Thus Spoke Zarathustra , Part IV
Walter Kaufmann translation from

Only Fool! Only Poet!

Melancholy Song
The Song of Melancholy

“The day is fading away, evening is now coming to all things, even to the best things:
hear then and see, you higher men, what kind of devil, whether man or woman, this spirit of evening melancholy is!”
Thus spoke the old magician, looked around cunningly, and then reached for his harp.

In dim, de-lighted air
When the dew’s comfort is beginning
To well down to the earth,
Unseen, unheard —

For tender is the footwear of
The comforter dew, as of all that gently comfort —
Do you remember then, remember, hot heart,
How you thirsted once
For heavenly tears and dripping dew,
Thirsting, scorched and weary,
While on yellow paths in the grass
The glances of the evening sun were running
Maliciously around you through black trees —
Blinding, glowing glances of the sun, mocking your pain?

“Suitor of truth?” they mocked me; “you?
No! Only poet!
An animal, cunning, preying, prowling,
That must lie,
That must knowingly, willingly lie:
Lusting for prey,
Colorfully masked,
A mask for itself,
Prey for itself —
This, the suitor of truth?
No! Only fool! Only poet!
Only speaking colorfully,
Only screaming colorfully out of fools’ masks,
Climbing around on mendacious word bridges,
On colorful rainbows,
Between false heavens
And false earths, Roaming, hovering —
Only fool! Only poet!

This—the suitor of truth?
Not still, stiff, smooth, cold,
Become a statue,
A pillar of God,
Not placed before temples,
A god’s gate guard —
No! an enemy of all such truth statues,
More at home in any desert than before temples,
Full of cats’ prankishness,
Leaping through every window —
Swish! into every chance,
Sniffing for every jungle,
Eagerly, longingly sniffing:
That in jungles
Among colorfully speckled beasts of prey
You might roam, sinfully sound and colorful, beautiful
With lusting lips,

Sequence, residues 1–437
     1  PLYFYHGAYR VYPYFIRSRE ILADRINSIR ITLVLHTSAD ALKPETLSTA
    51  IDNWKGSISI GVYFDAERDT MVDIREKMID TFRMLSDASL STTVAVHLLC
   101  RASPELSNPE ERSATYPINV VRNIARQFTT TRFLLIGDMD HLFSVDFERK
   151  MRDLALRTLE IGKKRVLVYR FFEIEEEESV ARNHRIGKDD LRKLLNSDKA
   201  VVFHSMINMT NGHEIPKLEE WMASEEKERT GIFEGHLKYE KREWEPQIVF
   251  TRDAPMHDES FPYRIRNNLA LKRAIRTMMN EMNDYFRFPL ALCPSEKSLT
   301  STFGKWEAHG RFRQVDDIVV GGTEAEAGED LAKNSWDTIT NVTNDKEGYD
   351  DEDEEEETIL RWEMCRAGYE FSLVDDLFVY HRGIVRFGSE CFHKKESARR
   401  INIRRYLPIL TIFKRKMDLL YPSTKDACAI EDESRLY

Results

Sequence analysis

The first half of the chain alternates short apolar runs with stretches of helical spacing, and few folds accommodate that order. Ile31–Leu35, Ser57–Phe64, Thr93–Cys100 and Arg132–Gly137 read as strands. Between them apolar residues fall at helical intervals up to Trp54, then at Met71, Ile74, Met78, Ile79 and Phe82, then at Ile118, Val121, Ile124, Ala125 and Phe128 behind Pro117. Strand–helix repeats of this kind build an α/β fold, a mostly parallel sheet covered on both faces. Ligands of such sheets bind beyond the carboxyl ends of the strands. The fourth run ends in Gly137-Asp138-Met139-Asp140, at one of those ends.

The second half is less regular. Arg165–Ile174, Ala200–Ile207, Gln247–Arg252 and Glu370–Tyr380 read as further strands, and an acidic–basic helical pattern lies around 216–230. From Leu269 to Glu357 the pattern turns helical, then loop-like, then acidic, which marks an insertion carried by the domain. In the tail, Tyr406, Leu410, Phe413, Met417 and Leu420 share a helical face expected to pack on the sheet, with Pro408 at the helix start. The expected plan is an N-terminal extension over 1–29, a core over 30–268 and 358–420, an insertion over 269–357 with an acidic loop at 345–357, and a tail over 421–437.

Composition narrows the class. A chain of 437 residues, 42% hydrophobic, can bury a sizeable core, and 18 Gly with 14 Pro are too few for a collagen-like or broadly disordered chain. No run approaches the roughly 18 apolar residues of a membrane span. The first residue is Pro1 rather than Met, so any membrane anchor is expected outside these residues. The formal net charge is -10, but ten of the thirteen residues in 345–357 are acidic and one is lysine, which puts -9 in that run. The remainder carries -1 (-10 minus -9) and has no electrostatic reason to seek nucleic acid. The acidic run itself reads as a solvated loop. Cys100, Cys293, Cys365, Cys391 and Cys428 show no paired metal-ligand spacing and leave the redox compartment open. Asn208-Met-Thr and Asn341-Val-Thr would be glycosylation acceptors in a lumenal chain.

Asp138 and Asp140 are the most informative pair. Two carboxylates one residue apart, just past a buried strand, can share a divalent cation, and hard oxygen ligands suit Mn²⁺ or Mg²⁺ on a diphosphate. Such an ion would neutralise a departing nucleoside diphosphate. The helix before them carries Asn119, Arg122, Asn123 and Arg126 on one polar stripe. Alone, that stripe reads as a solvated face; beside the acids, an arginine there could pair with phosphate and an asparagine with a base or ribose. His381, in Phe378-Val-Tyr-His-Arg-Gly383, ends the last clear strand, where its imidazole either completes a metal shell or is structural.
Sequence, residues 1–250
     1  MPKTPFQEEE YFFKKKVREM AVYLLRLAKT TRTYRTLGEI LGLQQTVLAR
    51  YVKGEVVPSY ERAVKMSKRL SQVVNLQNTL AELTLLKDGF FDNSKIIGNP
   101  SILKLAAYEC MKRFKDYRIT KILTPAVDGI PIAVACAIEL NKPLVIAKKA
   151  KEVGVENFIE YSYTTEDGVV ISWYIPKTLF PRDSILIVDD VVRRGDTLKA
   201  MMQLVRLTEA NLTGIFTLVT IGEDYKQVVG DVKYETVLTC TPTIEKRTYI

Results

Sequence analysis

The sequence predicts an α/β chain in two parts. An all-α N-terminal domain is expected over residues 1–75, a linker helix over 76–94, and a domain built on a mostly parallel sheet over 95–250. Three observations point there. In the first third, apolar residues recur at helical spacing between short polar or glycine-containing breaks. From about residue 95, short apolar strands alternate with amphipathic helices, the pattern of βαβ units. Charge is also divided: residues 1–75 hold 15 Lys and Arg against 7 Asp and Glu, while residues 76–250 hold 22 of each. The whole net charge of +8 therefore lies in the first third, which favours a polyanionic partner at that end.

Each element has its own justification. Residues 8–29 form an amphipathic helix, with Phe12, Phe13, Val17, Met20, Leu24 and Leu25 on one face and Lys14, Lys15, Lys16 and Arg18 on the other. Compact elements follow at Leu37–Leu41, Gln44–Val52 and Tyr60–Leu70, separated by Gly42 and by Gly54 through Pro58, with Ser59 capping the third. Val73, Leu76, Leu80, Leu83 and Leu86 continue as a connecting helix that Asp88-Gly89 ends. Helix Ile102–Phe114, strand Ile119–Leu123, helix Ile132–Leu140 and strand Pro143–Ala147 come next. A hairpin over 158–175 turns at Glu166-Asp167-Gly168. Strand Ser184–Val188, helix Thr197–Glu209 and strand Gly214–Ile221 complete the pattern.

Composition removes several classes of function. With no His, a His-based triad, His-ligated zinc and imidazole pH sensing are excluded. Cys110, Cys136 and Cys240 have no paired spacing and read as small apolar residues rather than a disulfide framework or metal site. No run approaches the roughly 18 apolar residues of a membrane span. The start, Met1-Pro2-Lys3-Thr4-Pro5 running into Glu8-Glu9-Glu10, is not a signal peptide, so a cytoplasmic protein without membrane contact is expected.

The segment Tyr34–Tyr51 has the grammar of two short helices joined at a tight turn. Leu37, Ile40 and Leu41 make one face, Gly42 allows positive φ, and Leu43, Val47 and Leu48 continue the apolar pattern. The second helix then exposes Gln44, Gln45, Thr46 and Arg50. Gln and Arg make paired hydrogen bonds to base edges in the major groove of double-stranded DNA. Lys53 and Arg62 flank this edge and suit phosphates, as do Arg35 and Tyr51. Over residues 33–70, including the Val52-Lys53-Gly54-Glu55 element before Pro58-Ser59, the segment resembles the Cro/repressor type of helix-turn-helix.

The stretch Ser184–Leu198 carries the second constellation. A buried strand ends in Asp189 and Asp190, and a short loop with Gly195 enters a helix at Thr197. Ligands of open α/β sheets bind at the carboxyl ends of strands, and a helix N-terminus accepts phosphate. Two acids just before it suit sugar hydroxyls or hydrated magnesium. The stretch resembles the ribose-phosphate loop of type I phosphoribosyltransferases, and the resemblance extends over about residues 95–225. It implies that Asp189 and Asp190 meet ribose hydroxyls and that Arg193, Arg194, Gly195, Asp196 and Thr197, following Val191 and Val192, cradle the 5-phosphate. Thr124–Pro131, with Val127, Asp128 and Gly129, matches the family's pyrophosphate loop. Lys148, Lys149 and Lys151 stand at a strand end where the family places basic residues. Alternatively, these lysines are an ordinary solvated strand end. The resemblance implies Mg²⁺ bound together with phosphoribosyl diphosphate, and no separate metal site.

Blissfully mocking, blissfully hellish, blissfully bloodthirsty —
Preying, prowling, peering —
Or like the eagle that gazes long,
Long with fixed eyes into abysses,
His own abysses —
Oh, how they wind downward,
Lower and lower
And into ever deeper depths!—­
Suddenly, straight as sight
In brandished flight,
Pounce on lambs,
Abruptly down, hot-hungry,
Lusting for lambs,
Hating all lamb souls,
Grimly hating whatever looks
Sheepish, lamb-eyed, curly-wooled,
Gray, with lambs’ and sheeps’ goodwill.

Eagle-like, panther-like,
Are the poet’s longings,

Are your longings under a thousand masks,
You fool! You poet!
You that have seen man
As god and sheep:
Tearing to pieces the god in man
No less than the sheep in man,
And laughing while tearing —

This, this is your bliss!
A panther’s and eagle’s bliss!
A poet’s and fool’s bliss!”

In dim, de-lighted air
When the moon’s sickle is beginning
To creep, green between crimson
Reds, enviously—
Hating the day,

Secretly step for step
Scything at sloping rose meads
Till they sink and, ashen,
Drown in night—

Thus I myself once sank
Out of my truth-madness,
Out of my day-longings,
Weary of day, sick from the light—
Sank downward, evening-ward, shadow-ward,
Burned by one truth,
And thirsty:
Do you remember still, remember, hot heart,
How you thirsted?
That I be banished
From all truth,
Only fool!
Only poet!

DithyrambThus Spoke Zarathustra , Part IV
Walter Kaufmann translation from

On the Higher Man



It is not enough for me that lightning no longer does any harm. I do not wish to conduct it away: it shall learn to work for me. My wisdom has long gathered like a cloud; it is becoming stiller and darker. Thus does every wisdom that is yet to give birth to lightning bolts. For these men of today I do not wish to be light, or to be called light. These I wish to blind. Lightning of my wisdom! put out their eyes!

Thus Spoke Zarathustra , Part IV
Walter Kaufmann translation from